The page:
by Marni Daugaard
“When you say you’re going on a mission trip, usually the first thing that comes to mind is preaching and singing songs. I really can’t do that because I don’t know their language,” said Bruce Gruenhagen.
Gruenhagen, with his wife Sarah and 11 others recently went on a mission trip Feb. 12-19 to Haiti and the Dominican Republic.
The group was comprised of members from four churches: St. Paul’s Evangelical Reformed Church in Hamburg, and Hope Summit Christian, West Concord Christian and Calvary Evangelical Free, all of Rochester.
The group is called “Oasis” and its motto is “Offering a Savior and a service.” Members complete service projects at churches and church-run schools, working side-by-side with the natives.
“There’s been a lot of different service projects, from building pews to building the church itself … this year we didn’t do a lot, we built five pews and three tables … that’s not a lot compared to what we’ve done in previous years,” said Gruenhagen.
This year they worked with a church in Monte Cristi, Haiti, as well as a church in Puerta Plata, Dominican Republic.
The Gruenhagens have been going on the mission trip every year since 2006 and have many stories to tell of the people and the destitute places in which they live. One place of notable poverty is an area in Santiago, Dominican Republic. The Santa Lucia Church is located here and came to be known within the group as “The Church in the Dump,” because it was separated from the city dump by a ravine. Always burning, the dump emits an orange smog. Nearby stand make-shift homes built by squatters because most people are too poor to own property.
“We saw a guy who was taking branches to make the frame of his house. And he was using a stone as his hammer,” said Gruenhagen.
The houses are primitive, have dirt floors and are made with whatever materials are on hand. This year, Gruenhagen brought the group to witness the plight of the little community.
“There was a 3 or 4-year-old boy, naked as a jaybird, and he’s pulling a new cardboard box. He’s picking up plastic. Some of the people, they looked at it and they had to turn away. It shows you how their lifestyle is so different. You get a great appreciation for what we have,” said Gruenhagen.
Getting across the bridge to Haiti was another memorable experience. The crossing on Thursday took long enough, but on Friday the group was delayed two and a half hours as passports were checked and they were told to proceed from one military checkpoint to another. The bridge was packed, with people pushing wheelbarrows and carrying baskets full of fresh produce and poultry. A man on a motorcycle with a six-foot stick across the handlebars transported live chickens that were tied on upside down. Soon they discovered the reason for the pandemonium: it was market day in the city.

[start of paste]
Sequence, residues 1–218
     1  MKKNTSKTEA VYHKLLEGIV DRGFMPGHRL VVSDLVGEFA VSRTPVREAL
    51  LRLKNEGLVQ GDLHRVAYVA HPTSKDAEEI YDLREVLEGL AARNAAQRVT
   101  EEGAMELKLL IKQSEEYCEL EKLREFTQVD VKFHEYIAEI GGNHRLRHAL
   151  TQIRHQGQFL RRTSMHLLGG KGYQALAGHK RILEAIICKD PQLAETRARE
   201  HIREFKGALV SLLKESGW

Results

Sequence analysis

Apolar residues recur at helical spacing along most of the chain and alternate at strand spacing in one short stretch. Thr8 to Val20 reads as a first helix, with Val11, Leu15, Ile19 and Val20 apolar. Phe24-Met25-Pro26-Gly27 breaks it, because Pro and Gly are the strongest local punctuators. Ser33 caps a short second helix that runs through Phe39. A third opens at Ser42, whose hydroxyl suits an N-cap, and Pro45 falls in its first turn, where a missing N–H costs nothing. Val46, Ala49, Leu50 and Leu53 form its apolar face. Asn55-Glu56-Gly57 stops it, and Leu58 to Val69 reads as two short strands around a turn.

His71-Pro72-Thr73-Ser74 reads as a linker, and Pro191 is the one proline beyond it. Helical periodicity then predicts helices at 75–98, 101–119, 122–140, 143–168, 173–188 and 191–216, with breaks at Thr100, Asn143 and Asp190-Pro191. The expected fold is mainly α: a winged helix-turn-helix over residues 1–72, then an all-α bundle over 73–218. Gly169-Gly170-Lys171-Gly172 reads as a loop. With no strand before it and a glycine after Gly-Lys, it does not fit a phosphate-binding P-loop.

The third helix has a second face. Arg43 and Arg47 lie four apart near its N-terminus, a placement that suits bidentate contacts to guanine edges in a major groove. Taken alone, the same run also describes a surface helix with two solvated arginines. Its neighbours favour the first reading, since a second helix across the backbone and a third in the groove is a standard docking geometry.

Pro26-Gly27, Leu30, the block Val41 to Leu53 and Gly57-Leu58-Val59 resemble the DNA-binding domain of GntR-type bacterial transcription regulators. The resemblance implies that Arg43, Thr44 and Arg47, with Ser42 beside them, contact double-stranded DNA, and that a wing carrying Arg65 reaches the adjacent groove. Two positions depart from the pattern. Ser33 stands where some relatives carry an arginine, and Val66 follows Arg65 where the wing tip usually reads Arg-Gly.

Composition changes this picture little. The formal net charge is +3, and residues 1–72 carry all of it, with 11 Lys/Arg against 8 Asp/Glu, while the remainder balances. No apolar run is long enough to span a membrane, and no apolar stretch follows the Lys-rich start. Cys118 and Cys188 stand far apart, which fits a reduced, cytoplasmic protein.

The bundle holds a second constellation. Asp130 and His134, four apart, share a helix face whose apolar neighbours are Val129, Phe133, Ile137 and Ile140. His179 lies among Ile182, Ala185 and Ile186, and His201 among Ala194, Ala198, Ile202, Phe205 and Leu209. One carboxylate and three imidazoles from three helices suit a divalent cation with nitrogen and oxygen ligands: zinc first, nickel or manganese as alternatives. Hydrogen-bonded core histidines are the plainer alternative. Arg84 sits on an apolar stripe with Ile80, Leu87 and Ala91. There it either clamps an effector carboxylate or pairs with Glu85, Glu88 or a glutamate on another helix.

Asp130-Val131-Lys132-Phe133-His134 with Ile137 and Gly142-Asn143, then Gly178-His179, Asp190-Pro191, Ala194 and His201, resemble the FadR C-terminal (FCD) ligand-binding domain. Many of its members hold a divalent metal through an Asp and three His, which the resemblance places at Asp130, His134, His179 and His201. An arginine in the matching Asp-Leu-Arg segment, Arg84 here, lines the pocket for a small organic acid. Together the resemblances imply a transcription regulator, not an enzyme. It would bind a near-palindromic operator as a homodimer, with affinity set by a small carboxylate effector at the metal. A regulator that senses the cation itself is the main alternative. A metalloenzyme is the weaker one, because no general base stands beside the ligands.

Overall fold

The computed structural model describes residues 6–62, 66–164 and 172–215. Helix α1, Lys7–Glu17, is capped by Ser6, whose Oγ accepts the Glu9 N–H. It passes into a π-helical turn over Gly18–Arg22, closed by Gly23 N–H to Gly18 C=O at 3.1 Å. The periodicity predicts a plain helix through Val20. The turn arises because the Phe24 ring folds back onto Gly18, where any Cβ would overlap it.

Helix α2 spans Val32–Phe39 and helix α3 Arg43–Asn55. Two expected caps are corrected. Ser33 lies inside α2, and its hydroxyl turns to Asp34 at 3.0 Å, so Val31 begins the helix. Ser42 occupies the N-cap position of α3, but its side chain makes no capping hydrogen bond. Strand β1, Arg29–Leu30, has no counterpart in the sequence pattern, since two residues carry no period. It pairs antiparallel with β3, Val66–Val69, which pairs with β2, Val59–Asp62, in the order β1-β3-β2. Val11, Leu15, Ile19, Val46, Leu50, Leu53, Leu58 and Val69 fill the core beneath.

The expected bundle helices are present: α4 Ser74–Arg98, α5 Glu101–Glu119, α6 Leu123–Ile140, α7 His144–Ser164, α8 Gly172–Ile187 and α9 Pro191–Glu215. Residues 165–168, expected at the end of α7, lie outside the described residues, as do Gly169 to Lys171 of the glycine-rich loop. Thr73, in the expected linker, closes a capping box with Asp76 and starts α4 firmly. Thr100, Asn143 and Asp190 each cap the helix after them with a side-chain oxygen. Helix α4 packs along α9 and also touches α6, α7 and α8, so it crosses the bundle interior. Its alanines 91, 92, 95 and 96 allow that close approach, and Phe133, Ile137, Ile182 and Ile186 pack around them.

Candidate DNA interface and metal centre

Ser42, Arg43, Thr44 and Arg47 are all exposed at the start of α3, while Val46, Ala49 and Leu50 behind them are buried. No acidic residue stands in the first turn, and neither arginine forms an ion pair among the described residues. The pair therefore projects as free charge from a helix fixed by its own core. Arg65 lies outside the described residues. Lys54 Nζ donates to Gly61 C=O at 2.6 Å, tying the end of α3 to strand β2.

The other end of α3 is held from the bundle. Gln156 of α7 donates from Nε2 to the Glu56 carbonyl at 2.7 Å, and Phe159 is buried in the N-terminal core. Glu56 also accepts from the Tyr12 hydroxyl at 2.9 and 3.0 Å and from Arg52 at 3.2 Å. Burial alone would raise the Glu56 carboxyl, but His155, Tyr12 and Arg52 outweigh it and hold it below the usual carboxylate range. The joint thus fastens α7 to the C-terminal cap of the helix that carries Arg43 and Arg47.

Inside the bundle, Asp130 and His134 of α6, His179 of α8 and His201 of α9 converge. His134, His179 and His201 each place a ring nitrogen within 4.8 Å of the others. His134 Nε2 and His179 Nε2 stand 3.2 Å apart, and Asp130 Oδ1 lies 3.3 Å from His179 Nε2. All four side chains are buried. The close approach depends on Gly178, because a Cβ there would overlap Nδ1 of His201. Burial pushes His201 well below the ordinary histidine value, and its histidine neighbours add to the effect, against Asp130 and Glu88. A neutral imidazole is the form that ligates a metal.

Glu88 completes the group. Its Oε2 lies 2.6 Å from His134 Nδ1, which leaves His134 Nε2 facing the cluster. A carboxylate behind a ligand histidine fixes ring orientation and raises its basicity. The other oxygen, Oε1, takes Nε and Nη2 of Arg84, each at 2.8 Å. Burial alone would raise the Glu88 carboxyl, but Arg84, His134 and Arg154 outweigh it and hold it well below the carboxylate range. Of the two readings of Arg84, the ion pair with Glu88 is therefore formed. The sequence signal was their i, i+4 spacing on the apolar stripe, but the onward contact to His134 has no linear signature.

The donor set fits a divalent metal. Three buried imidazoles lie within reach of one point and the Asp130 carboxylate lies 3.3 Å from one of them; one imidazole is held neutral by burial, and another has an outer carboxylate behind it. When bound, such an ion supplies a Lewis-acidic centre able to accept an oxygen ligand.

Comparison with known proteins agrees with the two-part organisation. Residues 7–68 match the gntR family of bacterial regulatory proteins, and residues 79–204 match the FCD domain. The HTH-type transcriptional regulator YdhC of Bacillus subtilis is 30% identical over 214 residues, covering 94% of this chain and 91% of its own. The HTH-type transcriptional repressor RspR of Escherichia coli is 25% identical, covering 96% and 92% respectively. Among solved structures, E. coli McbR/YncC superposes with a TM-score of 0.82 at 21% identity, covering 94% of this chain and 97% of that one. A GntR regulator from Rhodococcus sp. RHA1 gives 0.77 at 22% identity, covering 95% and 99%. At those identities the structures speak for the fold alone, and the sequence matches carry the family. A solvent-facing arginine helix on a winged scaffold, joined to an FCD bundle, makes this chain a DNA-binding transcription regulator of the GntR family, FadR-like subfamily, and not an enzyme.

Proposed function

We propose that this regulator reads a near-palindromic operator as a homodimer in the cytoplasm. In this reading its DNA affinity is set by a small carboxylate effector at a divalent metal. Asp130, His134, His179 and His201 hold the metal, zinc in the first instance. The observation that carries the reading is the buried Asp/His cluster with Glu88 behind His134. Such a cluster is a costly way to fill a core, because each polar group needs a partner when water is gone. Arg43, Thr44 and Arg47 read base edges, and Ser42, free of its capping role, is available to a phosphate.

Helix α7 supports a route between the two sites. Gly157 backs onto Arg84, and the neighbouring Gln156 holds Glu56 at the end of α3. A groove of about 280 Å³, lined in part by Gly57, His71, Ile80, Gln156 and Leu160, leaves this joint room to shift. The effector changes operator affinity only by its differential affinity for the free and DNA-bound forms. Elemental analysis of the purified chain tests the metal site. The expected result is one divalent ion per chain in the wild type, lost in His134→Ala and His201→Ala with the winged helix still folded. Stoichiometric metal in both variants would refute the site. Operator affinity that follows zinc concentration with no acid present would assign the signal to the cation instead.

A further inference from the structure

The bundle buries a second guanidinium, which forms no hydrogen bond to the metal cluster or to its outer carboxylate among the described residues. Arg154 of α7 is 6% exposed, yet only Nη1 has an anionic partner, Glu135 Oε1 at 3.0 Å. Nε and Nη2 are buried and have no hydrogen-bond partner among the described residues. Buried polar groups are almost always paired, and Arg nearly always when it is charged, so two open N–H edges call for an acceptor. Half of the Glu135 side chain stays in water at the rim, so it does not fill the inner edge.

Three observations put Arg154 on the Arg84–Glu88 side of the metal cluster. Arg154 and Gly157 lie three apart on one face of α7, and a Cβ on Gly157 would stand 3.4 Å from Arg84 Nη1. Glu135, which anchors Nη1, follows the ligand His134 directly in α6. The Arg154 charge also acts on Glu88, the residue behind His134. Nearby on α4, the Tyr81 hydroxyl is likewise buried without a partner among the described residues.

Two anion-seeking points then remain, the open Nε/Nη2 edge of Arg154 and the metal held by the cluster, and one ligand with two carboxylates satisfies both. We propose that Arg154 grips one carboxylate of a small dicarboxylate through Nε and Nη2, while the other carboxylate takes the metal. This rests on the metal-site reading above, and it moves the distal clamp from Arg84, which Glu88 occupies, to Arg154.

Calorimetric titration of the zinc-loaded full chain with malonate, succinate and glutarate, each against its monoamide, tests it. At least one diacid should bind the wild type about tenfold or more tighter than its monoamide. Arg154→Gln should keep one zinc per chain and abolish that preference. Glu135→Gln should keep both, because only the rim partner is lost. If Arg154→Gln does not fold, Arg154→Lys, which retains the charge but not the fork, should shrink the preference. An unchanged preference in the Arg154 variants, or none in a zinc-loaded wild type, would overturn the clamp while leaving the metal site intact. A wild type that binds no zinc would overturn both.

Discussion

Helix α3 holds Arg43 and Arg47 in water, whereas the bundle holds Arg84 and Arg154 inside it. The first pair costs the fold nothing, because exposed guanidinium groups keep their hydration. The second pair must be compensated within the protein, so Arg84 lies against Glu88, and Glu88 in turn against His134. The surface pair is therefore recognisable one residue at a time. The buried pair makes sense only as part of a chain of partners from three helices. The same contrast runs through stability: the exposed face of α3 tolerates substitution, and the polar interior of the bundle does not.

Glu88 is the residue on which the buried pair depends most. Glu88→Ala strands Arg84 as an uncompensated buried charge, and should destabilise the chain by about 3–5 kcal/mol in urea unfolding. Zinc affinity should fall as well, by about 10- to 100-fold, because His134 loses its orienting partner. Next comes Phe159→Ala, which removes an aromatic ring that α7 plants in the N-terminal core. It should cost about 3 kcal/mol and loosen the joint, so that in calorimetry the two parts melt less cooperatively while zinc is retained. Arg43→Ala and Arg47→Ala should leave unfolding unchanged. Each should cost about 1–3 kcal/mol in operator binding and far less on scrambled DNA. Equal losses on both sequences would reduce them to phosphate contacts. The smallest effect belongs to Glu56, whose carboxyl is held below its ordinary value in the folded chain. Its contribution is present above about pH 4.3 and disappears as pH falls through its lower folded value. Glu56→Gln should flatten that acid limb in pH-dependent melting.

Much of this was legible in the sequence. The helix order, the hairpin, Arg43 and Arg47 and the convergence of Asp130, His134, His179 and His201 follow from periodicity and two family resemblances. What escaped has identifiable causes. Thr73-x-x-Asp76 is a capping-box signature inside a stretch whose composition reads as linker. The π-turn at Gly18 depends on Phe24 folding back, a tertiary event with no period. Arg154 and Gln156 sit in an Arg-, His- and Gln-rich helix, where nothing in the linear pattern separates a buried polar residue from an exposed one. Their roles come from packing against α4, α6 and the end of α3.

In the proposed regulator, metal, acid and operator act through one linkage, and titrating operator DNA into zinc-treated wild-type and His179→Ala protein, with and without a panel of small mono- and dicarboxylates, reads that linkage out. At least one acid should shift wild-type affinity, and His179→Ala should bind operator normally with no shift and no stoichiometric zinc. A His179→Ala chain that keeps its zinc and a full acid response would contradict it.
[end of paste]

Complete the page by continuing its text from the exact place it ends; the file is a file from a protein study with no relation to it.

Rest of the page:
Sarah noted that, as they waited, they made friends with some of the children who were trying to sell things.
“They were playing a game like jacks but with pop bottle caps,” she said.
One of their companions on the trip over to Haiti was a Dominican Republic native named Ramon. Through missionary David Savage, who is fluent in Spanish, the group was able to converse with Ramon. He stated that he felt rich when he saw how the Haitians lived. Unemployment in Haiti is now more than 40 percent, while the Dominican Republic is around 20 percent.
“[They’re] not starving … starving by our standards, but not by theirs,” said Bruce. “They’re getting food somehow.”
Fruit trees are abundant and there’s always the locally grown produce sold at market, if one can afford to pay for it. If not, maybe there’s a church with a hot meal program or the flour and rice handed out by the U.N.
In addition to constructing church buildings, pews and tables, the group often hands out candy and trinkets to the children and donates hand tools and clothing to the churches. Collections are taken for these items as well as for large scale purchases needed by the churches. This year the group gave $600 to the pastor in Trou du Nord, Haiti, to buy himself a good used motorcycle.
“Two years ago when we first visited the church the pastor had to ride through town, out to the church which was probably two miles out of town. But the road is just horrible. We saw how mangled his bicycle got … there wasn’t a straight spoke,” said Bruce.
Last fall, Oasis also sent money to help purchase the property the church building is on. The group was reluctant to continue building and improving upon structures that sat on land not even owned by the church. Because they hope to someday build a home for the pastor next to the church, they took up a collection to help with the purchase.
“That’s a huge thing. To own the property huge,” said Sarah.
Two years ago, the group also provided the project money when the church needed a cement floor. Oasis gave them the money on a Friday afternoon and by early Saturday morning, the people were already hard at work when the mission group arrived.
“Usually in a poor country like that you kind of think that maybe the people aren’t ambitious and that’s why they’re poor,” said Bruce. “You can really admire them for the things they do with so little. We would cry, ‘Woe is me,’and they just say, ‘Let’s do it!’”
Next year, the Gruenhagens plan to go again and are always looking for more people to go along. Their zeal for mission trips may be hard for some people to understand and is sometimes even harder to explain.
“[How can you] describe this to friends and family? How do you describe the sounds, the smells? You can’t,” said Sarah.
“We as a group get more out of it,” said Bruce. “They have taught us many things. As Americans, in a way we’re pretty spoiled. We complain about things we shouldn’t. When you go to a place like the Dominican Republic and especially Haiti, you get to see people that have so very little compared to us. But they are as happy and content as we wish we were.”